Sony Can Easily Sell Over 100 Million Units In The Future, Says Pachter
“I think Sony could go as high as 120-140 million pretty easily.”
The PS4 is currently the most successful console on the market- it’s nearly sold 50 million units, and with the launch of the PS4 Pro, the PS4 Slim, and the PlayStation VR, it doesn’t look like it’s going to slow down selling any time soon. In fact, in an exclusive interview with GamingBolt, Wedbush Securities analyst Michael Pachter revealed that he thinks Sony could sell as many as 175 million PS4 consoles worldwide- if they play their cards right.
“I think Sony could go as high as 120-140 million pretty easily,” Pachter said. “And what I am most encouraged about is that the PS4 Slim is priced at $249- we’re seeing a faster degradation of the price curve for the PS4 than we saw for the PS3. That’s pretty impressive.
“And it’s the same with Xbox- you know, the Xbox 360, I don’t think it ever got below $300. Certainly you had sales, but I think the official price was $299 back when the Xbox One launched. So seeing the two major consoles at $249, barely three years after launch, is a really good sign. And if we can get a PS4 for $199, or $149, yes, they’re going to sell a ton of them.”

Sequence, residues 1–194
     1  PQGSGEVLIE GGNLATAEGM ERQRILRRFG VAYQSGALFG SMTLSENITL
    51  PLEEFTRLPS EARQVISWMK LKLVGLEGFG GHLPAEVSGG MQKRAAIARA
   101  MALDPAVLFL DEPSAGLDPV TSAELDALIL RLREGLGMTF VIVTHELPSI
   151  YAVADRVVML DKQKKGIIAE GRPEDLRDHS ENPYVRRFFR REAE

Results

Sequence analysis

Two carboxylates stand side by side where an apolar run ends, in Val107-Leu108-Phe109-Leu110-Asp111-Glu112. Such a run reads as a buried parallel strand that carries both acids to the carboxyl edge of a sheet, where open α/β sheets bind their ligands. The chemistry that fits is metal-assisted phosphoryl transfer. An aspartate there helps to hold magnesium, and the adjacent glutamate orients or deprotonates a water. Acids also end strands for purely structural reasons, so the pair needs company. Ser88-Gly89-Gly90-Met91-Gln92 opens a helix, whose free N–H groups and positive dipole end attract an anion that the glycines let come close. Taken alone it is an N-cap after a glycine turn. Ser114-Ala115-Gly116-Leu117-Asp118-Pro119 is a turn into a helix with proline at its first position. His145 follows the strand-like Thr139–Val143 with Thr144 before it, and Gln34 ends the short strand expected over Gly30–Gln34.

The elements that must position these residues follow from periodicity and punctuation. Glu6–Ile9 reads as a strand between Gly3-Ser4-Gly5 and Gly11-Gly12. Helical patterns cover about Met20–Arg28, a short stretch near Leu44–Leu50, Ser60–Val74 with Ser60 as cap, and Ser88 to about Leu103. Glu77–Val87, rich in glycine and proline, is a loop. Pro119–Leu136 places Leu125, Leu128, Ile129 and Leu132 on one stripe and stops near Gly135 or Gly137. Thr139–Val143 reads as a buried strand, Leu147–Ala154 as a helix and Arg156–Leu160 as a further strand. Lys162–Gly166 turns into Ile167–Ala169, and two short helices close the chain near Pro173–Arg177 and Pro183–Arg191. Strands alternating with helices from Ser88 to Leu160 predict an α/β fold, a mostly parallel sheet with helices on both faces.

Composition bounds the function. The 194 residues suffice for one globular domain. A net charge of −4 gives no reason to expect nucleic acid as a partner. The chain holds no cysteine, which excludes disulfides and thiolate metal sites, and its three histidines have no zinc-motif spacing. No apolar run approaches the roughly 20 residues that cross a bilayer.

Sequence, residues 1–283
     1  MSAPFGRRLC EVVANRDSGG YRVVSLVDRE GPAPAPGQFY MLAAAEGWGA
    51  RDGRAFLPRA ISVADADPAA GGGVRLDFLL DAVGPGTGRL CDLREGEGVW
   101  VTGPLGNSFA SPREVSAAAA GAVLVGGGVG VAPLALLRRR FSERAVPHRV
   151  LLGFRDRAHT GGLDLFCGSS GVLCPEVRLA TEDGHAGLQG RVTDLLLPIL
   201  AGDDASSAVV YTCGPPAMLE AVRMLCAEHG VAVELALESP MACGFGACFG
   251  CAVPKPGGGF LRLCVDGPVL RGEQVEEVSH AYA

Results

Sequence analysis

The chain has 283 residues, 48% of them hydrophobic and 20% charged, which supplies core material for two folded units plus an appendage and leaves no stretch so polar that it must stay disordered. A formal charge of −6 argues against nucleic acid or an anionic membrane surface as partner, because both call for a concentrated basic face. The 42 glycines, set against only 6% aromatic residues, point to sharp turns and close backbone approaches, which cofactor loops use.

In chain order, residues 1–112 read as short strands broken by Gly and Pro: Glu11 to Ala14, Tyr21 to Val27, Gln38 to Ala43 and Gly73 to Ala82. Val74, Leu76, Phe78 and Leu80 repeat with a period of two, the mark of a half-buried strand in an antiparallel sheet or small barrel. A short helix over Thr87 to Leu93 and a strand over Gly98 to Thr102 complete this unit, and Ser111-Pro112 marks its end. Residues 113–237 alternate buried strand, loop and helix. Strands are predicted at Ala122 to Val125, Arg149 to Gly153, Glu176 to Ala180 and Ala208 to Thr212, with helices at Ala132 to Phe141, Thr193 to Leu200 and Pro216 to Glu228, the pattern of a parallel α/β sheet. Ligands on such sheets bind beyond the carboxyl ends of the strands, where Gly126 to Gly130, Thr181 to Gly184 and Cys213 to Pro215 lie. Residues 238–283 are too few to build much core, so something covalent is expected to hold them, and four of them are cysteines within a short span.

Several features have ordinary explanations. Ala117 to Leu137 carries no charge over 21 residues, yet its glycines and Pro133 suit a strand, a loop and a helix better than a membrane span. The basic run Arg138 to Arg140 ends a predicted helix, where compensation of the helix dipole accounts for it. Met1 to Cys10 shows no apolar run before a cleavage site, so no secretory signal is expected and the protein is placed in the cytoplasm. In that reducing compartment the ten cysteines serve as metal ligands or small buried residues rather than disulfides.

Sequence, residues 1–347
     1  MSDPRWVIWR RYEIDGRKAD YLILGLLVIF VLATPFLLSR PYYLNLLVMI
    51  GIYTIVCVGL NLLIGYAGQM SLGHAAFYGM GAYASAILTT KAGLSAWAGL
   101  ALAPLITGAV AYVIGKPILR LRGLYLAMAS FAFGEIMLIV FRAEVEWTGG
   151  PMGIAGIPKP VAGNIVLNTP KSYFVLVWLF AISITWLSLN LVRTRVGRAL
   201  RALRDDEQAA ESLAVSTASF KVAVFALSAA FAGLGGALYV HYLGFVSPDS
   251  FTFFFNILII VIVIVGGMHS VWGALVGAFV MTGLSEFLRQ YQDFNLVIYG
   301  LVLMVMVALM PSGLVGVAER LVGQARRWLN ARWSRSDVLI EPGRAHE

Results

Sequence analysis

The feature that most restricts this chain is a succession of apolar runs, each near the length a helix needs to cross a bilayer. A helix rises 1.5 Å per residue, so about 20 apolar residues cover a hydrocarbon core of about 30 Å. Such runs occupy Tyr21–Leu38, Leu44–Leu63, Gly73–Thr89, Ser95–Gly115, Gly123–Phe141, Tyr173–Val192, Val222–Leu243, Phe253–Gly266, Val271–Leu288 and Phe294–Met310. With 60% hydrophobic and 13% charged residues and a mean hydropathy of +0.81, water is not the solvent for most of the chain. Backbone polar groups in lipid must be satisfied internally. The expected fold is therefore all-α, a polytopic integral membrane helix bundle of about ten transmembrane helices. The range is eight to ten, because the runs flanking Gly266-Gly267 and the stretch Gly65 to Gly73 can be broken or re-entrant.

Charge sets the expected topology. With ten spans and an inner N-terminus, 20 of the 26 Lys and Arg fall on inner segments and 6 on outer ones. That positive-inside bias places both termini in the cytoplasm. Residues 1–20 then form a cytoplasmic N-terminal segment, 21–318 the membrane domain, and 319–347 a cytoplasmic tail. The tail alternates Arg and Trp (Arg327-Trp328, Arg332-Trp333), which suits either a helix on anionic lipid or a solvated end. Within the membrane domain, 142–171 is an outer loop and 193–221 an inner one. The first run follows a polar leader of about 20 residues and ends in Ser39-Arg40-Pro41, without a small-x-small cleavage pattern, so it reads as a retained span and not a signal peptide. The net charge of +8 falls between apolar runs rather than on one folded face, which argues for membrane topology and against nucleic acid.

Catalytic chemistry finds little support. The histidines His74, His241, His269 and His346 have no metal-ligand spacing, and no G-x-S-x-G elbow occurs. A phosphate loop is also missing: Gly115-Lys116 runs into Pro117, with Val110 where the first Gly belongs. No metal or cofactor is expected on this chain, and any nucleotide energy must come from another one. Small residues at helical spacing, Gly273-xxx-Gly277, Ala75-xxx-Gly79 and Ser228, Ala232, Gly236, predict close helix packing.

Pachter further added that this rapid price deterioration for these consoles is what could lead to very high sales in the long run, noting that ‘cheap is good.’
“Yeah, cheap is good,” he said. “I mean, let’s be real, most people on the planet think that $400 is a lot of money. And most people on the planet appreciate that $300 is less than $400, and $200 is even less. Cheaper is better. And we know that McDonalds sells more hamburgers than restaurants sell stakes, because hamburgers cost a dollar, and stakes cost $20. So, you can feed yourself for a dollar instead of $20- it just makes sense. So if you dropped the price of a console to $200 – if Sony were able to – I think they could go as high as 175 million.”
My personal take: I can see the PS4 crossing 100 million units sold with ease, but getting to 175 million, which not even the mighty PS2 could manage, seems to be a long shot to me.